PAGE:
Fisher then led attendees on a tour into a typical math class at UPA. A class of 30 students was divided into four groups with different tasks. In two groups, each student had a laptop, with which they studied conceptual lessons online to catch up on math fundamentals. Each student can move at his own pace, which “works even better for non-native English speakers,” Fisher said.

Another group of students were recording themselves while explaining to their teammates how they solved each math problem. By listening to the recordings and reading online assessments, the teacher monitored for mistakes and skill gaps, giving one-on-one attention in the fourth group he couldn’t have done if speaking to the entire class. “With such adaptive and interactive technology, students are able to have personalized learning experience,” said Fisher.

In the classroom next-door, students were presenting their seven-page long science project proposals on their laptops using Google Drive, where they are able to share their materials with the entire class, including every edit and comment. “We are encouraged to comment on other people’s work and improve our own projects according to other kids’ opinions,” said 7th grader Jose Horga, whose proposal just won a school-wide competition. For his project, he will be packing worms into a microgravity tube to send to the International Space Station in late October.

“Technology is opening doors for students to new career paths,” said Tierre Mesa, a science teacher at the school, while watching attendees playing a video game that one of her students created on her own. Mesa said that students are much more engaged in their studies, instead of getting distracted by new gadgets. “A lot of families do not have Internet at home. They are glad that kids are getting access at school,” said Mesa. When asked whether technology dependency is something to be watched out for among the students, Fisher shrugged. “Because this school is very much about family, community and relationship, and technology is laid upon that strong foundation, I think we would never go that route,” said Fisher.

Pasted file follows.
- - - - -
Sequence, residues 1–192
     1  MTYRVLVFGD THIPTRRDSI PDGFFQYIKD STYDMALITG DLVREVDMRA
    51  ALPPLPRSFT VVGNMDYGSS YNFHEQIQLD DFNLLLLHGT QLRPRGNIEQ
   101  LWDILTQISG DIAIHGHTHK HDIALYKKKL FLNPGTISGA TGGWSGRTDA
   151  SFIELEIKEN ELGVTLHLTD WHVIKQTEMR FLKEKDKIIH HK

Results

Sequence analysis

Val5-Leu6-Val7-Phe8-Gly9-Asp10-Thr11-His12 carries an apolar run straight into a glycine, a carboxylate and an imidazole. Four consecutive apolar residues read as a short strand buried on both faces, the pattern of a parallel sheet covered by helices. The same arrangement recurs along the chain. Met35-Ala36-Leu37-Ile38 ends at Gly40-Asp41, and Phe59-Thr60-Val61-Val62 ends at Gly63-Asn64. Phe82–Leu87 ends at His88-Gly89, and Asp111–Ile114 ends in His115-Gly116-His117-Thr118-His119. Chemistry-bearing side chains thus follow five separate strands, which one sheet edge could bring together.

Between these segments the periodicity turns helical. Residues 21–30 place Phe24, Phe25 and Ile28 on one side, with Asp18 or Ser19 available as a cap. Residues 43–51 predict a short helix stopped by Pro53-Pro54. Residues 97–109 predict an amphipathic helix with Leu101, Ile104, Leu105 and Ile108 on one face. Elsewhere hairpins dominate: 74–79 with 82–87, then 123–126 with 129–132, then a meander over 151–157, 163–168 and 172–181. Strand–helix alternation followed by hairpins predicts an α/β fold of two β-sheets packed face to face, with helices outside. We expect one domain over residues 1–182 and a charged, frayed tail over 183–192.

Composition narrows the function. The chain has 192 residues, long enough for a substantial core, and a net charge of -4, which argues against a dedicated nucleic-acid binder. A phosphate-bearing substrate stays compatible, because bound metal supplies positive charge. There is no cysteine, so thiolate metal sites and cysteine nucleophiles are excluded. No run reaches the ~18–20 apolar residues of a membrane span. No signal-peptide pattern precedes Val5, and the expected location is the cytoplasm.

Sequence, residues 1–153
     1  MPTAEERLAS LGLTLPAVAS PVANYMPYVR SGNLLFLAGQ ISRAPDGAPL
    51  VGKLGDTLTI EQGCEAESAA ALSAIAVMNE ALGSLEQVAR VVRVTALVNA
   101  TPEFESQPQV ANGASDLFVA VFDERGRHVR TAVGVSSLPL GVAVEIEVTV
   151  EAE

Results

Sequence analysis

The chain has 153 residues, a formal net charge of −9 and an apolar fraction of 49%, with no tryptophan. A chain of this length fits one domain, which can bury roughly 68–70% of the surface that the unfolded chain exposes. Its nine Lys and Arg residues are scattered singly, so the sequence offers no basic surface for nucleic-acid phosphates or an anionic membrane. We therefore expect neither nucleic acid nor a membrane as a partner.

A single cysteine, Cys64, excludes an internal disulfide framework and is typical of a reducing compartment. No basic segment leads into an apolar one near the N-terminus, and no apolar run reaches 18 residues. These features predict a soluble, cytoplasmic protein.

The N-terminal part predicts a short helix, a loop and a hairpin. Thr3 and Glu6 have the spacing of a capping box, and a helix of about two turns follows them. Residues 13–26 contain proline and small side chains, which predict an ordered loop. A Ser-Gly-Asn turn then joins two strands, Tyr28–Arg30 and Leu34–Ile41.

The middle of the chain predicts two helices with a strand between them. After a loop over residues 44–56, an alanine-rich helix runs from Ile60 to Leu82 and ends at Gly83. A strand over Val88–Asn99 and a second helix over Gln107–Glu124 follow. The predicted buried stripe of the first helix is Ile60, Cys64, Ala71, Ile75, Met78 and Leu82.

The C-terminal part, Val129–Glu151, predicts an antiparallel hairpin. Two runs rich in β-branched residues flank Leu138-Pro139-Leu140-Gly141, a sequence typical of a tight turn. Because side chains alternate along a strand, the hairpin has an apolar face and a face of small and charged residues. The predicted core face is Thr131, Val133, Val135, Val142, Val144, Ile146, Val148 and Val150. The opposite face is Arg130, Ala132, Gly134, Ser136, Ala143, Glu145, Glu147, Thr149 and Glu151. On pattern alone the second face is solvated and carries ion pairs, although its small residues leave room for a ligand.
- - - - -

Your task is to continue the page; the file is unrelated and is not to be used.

In fact, the school is hosting family activities to let parents know what their children are doing with technology. The school is going to have a fun family night next week to teach parents how to monitor technology and why they should have screen time limits on their kids.

“It would be cool to take these computers home,” said Horga, after presenting his proposal on a laptop. “But it’s so simple and fast working on a project with these computers that I wish we had these earlier.”

1 Comment

  1. Safeway on October 11, 2014 at 10:14 am

    Young people are the only people that the Graduate School of Journalism, university of California, Berkeley cares about. They ignore the poor and the elderly. UCB only is concerned about one generation, and they are paving the way for a struggle between the generations. The elderly should start a war against the young, and use everything their knowledge and experience has provided them to fight the young.



Photo by Basil D Soufi
logo
Oakland North

Oakland North is an online news service produced by students at the UC Berkeley Graduate School of Journalism and covering Oakland, California. Our goals are to improve local coverage, innovate with digital media, and listen to you–about the issues that concern you and the reporting you’d like to see in your community. Please send news tips to: oaklandnorthstaff@gmail.com.

Latest Posts